Welcome to the new Independent website. We hope you enjoy it and we value your feedback. Please contact us here.

Nationality row clouds Chelsea's Kalou deal

The transfer of Salomon Kalou to Chelsea, which was completed yesterday, looked to have concluded one of the modern game's more shameless morality tales, but there may be a further chapter. This could result in Kalou being loaned out rather than replacing, or partnering, his Ivory Coast compatriot Didier Drogba.

As an Ivorian, Kalou - who signed for an undisclosed fee, expected to be around £5m plus add-ons - needs a work permit to play in the Premiership. However, being uncapped he does not fulfil the criteria.

Chelsea refused to comment on the issue yesterday but unless he has another, familial qualification, it is expected they will apply for one on his behalf citing the striker's potential, and "mitigating circumstances".

If Kalou fails to get a permit he will have to be loaned to a club elsewhere in Europe, perhaps Belgium, which has more liberal nationality laws, until he qualifies.

The "mitigating circumstances" are unappealing. Kalou was born in the Ivory Coast, but joined Feyenoord at 15. His elder brother, Bonaventure Kalou, was already there. Bonaventure moved to Auxerre in 2003, and later to Paris-St Germain, but Salomon stayed in Rotterdam. In 2005 he won the Johan Cruyff award as the best young player in Dutch football.

Bonaventure, meanwhile, had become captain of the Ivory Coast's national team and was in the process of leading them to the World Cup finals.

Henri Michel, the coach, wanted to add the younger Kalou to the squad. But instead Salomon applied for Dutch citizenship, having been guaranteed a place in the Netherlands' World Cup squad by their coach, Marco van Basten. But when the finals draw pitted Ivory Coast against the Netherlands the ridiculous prospect loomed of brothers lining up against each other in Stuttgart on 16 June.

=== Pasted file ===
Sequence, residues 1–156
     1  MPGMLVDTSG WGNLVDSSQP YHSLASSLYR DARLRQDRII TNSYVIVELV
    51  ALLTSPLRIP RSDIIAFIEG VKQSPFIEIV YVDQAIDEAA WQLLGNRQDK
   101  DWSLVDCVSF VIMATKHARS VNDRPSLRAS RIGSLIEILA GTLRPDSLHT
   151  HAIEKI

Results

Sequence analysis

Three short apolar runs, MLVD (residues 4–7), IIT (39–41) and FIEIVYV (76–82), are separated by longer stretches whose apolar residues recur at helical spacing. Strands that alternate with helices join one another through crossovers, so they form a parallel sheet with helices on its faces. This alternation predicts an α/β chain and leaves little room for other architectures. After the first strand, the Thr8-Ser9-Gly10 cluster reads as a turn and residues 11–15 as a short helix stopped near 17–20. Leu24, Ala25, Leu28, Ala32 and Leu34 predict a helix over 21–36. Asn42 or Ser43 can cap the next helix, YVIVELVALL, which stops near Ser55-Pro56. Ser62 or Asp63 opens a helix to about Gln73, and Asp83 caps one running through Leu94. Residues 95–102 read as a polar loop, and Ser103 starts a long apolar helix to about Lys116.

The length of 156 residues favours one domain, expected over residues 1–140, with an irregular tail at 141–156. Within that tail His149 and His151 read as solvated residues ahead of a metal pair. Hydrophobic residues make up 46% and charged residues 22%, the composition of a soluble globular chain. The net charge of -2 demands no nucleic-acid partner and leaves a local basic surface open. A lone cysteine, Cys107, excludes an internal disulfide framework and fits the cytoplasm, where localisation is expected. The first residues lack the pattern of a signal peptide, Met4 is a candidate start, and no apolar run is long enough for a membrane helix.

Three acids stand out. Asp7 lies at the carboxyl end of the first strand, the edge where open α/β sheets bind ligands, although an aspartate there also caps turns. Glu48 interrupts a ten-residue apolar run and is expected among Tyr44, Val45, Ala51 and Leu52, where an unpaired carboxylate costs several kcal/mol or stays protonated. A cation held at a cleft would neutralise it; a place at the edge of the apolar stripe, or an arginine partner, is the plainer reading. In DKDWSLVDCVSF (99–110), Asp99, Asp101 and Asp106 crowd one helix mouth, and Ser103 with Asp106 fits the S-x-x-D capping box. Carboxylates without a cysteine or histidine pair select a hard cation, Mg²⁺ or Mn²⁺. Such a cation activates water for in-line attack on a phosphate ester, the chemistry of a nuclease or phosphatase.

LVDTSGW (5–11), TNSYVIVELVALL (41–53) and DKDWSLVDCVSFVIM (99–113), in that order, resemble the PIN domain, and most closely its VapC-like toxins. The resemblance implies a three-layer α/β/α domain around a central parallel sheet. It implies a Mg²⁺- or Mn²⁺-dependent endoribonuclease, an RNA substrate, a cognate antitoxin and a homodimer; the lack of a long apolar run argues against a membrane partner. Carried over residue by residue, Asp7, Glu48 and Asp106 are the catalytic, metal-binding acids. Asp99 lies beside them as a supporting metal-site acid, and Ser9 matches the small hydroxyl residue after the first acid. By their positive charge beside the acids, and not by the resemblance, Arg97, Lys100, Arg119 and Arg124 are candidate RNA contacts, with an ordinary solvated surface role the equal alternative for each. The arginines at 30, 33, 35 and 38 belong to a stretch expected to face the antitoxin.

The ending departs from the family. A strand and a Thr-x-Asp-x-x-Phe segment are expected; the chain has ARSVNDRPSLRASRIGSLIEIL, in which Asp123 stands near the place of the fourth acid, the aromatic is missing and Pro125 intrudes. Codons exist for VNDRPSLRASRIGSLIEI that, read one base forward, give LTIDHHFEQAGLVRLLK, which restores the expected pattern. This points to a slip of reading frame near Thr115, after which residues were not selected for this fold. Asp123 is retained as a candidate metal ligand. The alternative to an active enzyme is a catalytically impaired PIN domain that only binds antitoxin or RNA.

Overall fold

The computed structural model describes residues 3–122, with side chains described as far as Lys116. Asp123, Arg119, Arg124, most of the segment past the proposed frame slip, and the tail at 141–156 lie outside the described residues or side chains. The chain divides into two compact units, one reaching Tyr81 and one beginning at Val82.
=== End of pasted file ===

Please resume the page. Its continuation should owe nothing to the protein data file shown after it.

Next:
But for Rita Verdonk, this would have happened. The Dutch immigration minister, perhaps believing Kalou was motivated by economic self-interest (he is a much more valuable player as an EU citizen), refused to allow Kalou to be fast-tracked for a Dutch passport. She insisted he re-take, and pass, a language and culture test. Kalou fought a series of court cases but exhausted the appeals process this month.

Kalou's lawyer initially said he would persevere with his application, but the player then told a Dutch magazine he would declare himself for the Ivory Coast. With his move to England it would seem Verdonk's reservations about his commitment to the Netherlands have been confirmed.

* An FA disciplinary commission has fined Chelsea £10,000 for failing to ensure their players conducted themselves in an orderly fashion during the 1-0 defeat at Fulham on 19 March. Chelsea had four players cautioned and one, William Gallas, sent off.